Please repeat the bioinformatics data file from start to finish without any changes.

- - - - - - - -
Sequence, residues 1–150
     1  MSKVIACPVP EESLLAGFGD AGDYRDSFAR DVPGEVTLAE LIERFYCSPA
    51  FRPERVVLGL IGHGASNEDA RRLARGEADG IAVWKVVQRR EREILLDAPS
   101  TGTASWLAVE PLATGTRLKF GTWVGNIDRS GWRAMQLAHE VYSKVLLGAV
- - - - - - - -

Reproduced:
Sequence, residues 1–150
     1  MSKVIACPVP EESLLAGFGD AGDYRDSFAR DVPGEVTLAE LIERFYCSPA
    51  FRPERVVLGL IGHGASNEDA RRLARGEADG IAVWKVVQRR EREILLDAPS
   101  TGTASWLAVE PLATGTRLKF GTWVGNIDRS GWRAMQLAHE VYSKVLLGAV